Archives SEEM

Heath Smith

Le mercredi 13 mai 2015 - Grande salle de réunion du CEFE - 11h30

Some of the most pressing conservation issues require scientists to distinguish between multiple, concurrent pressures faced by wildlife over large geographic ranges.The Conservation Canines program addresses this need by combining the precision and efficiency of detection dogs to readily locate wildlife scat (feces) samples, from which can be extracted a wide variety of genetic, physiological, toxicological and dietary indicators. These indicators enable us to ascertain species abundance, distribution, resource use, and physiological health in relation to the environmental pressures the species is encountering. The Center for Conservation Biology has been using detection dogs since 1997 to non-invasively monitor a very diverse array of threatened and endangered wildlife species around the world (including bears, owls, mice, salamanders, sea turtles, bats, snakes, orcas, etc…) as well as to detect invasive plants. The Center’s lead trainer, Heath Smith, will look back over the past 14 years to discuss the many benefits and hidden hurdles of employing dogs in conservation efforts.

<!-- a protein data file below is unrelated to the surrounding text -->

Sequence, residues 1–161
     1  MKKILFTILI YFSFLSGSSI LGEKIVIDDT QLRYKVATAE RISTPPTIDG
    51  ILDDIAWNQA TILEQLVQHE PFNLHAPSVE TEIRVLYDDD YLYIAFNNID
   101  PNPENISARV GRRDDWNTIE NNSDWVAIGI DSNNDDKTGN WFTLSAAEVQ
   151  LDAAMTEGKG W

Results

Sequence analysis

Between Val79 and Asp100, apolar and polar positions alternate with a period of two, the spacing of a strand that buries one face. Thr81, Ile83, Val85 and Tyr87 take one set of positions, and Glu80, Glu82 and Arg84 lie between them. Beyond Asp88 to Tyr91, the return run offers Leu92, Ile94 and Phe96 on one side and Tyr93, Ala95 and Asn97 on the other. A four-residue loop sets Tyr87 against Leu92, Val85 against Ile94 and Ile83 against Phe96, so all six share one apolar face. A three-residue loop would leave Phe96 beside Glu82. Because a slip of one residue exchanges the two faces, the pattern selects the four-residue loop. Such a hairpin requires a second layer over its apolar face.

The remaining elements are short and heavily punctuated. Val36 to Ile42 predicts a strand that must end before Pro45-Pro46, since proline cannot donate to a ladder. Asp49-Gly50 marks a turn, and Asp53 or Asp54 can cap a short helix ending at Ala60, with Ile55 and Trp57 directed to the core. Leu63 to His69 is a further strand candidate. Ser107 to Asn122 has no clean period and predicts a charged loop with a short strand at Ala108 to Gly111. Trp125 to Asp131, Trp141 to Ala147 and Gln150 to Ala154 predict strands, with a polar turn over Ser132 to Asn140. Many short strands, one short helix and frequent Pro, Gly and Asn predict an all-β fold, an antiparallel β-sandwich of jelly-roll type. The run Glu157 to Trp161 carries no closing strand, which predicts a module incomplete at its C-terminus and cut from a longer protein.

Recent publications:

SK Wasser, L Hayward, J Hartman, R Booth, K Broms, J Berg, E Seely, L Lewis, H Smith. 2012. Using Detection Dogs to Conduct Simultaneous Surveys of Northern Spotted (Strix occidentalis caurina) and Barred Owls (Strix varia). PLoS ONE 7(8): e42892.

SK Wasser, JL Keim, ML Taper, SR Lele. 2011. The influences of wolf predation, habitat loss, and human activity on caribou and moose in the Alberta oil sands. Frontiers in Ecology and the Environment 9: 546–551.

C Vynne et al. 2010. Effectiveness of scat-detection dogs in determining species presence in a tropical savanna landscape. Conservation Biology 25(1): 154-162.

SK Wasser, H Smith, L Madden, N Marks, C Vynne. 2009. Scent Matching Dogs Determine Number of Unique Individuals from Scat. Journal of Wildlife Management 73(7): 1233-1240.

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